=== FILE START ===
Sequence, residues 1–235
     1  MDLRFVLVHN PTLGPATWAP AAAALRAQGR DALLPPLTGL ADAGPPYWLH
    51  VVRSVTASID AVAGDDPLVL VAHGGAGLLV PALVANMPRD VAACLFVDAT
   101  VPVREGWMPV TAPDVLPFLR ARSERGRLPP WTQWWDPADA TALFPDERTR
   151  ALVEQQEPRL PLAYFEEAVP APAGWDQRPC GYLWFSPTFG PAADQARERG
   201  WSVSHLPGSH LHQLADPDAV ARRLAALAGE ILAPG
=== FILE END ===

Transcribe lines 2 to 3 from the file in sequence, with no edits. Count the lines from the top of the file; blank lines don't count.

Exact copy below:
     1  MDLRFVLVHN PTLGPATWAP AAAALRAQGR DALLPPLTGL ADAGPPYWLH
    51  VVRSVTASID AVAGDDPLVL VAHGGAGLLV PALVANMPRD VAACLFVDAT